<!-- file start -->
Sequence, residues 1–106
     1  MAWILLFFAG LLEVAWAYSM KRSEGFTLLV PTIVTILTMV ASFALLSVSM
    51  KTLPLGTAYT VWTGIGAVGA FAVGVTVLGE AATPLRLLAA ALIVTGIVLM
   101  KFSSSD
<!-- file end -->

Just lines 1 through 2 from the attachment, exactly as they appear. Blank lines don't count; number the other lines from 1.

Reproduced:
Sequence, residues 1–106
     1  MAWILLFFAG LLEVAWAYSM KRSEGFTLLV PTIVTILTMV ASFALLSVSM